Moreover, against Brett Cecil (TOR) and Jason Vargas (SEA), guys who are not household names and not discussed as potential Cy Young candidates, Jones is 5-for-33 with 1 walk. That's around a .152/.176/.152 line. I didn't find very many other LHP that Jones has faced more than 10 times in his career.

To show the importance of sample size -- and to reveal that Jones has done much better against some lefties -- consider Jones's performance against staff aces Ricky Romero (TOR) and C.C. Sabathia (NYY): 22-for-70 with 3 doubles, a triple and 3 home runs, plus 4 walks. That's about a .314/.351/.514 line. If Jones could hit that well against all LHP, he'd be a star given his proven ability versus right-handed pitchers and his defensive skills.

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Saturday, November 19, 2011

Liberal Hollywood?

“Contagion” Touches Real Fears – Are We Prepared for an Outbreak?

For weeks, I've been meaning to mention an interesting point about Hollywood and politics that I read in a piece about Contagion and The Ides of March, written by John Powers for The American Prospect: Contagion goes on, you realize that it's doing something so rare as to be groundbreaking. Ever since the '60s, Hollywood has tended to treat U.S. government employees as bad guys--CIA assassins, heartless immigration officers, those mean NASA scientists who try to snatch E.T. (The great exception in recent years, of course, has been the military.) In contrast, Soderbergh's film shows how a Centers for Disease Control and Prevention team headed by Laurence Fishburne, working alongside the World Health Organization (and other one-worlder sleeper cells), goes about stopping an epidemic even as the public panics, the media goes bonkers, and Big Pharma doesn't have a clue. These medical officers do what they need to do--risking, even sacrificing, their lives--in order to set things right. They don't always behave impeccably or according to protocol, but they are the good guys...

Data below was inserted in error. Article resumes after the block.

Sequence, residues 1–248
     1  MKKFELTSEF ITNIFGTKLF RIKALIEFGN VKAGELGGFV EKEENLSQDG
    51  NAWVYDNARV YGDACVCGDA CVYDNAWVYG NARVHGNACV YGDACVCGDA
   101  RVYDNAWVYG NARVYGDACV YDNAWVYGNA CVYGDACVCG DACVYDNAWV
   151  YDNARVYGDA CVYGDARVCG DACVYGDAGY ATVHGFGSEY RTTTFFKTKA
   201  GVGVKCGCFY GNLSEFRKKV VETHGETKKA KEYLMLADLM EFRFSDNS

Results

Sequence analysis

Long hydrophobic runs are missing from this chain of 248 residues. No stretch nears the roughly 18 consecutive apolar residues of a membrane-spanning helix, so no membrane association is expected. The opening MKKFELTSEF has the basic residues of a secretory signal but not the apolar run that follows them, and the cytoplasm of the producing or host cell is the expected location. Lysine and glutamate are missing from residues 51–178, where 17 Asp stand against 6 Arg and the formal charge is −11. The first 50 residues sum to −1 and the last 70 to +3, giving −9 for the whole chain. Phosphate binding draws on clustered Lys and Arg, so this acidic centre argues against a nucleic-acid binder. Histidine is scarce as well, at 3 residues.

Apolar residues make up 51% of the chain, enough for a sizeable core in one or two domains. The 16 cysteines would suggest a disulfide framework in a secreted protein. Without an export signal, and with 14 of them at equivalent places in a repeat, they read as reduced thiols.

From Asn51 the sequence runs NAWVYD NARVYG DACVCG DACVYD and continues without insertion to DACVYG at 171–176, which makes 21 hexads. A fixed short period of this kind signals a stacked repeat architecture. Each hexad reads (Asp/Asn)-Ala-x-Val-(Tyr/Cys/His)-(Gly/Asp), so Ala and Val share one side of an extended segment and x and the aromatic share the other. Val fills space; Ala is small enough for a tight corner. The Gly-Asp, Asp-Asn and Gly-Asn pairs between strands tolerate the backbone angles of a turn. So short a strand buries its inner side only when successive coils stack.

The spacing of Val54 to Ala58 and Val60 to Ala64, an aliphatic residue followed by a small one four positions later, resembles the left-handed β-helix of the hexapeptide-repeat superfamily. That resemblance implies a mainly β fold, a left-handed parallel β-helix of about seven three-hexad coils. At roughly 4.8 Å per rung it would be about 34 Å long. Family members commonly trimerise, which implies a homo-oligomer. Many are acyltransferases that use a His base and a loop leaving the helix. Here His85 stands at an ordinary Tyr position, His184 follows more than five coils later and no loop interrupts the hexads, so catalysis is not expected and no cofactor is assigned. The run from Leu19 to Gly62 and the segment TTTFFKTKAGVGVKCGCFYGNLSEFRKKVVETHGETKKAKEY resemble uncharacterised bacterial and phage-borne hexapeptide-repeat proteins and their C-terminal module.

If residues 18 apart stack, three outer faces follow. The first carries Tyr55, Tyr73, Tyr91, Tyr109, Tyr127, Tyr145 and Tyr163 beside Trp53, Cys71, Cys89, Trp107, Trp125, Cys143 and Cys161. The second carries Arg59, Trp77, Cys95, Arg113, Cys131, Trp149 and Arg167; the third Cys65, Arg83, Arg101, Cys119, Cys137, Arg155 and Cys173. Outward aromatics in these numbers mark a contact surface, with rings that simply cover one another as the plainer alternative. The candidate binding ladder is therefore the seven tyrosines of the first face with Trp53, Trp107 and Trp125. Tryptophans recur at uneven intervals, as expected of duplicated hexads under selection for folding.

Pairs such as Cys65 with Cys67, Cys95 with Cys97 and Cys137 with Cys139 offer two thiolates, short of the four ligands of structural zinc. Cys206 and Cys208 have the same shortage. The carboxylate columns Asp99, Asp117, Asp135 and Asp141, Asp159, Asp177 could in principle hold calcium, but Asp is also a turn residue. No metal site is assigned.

Contagion may be the purest expression of Obamaism I've seen on-screen...Rather than revving us up with fears--Globalization is evil! A killer virus is on the loose! Inoculations are worse than the disease!--the movie plays out its scenario matter of factly. Far from laying on the Hollywood melodrama, it's detached, rational, and while highly involving, also deliberately unexciting. The phrase that comes to mind is "no drama."

Like Obama, albeit more persuasively, Contagion expresses faith in public institutions at a time when too many people want to gut them...[G]overnment can hold things together during an outbreak of a deadly virus. In case of an epidemic, the CDC can and will do more to save you than the executives at Pfizer or Merck.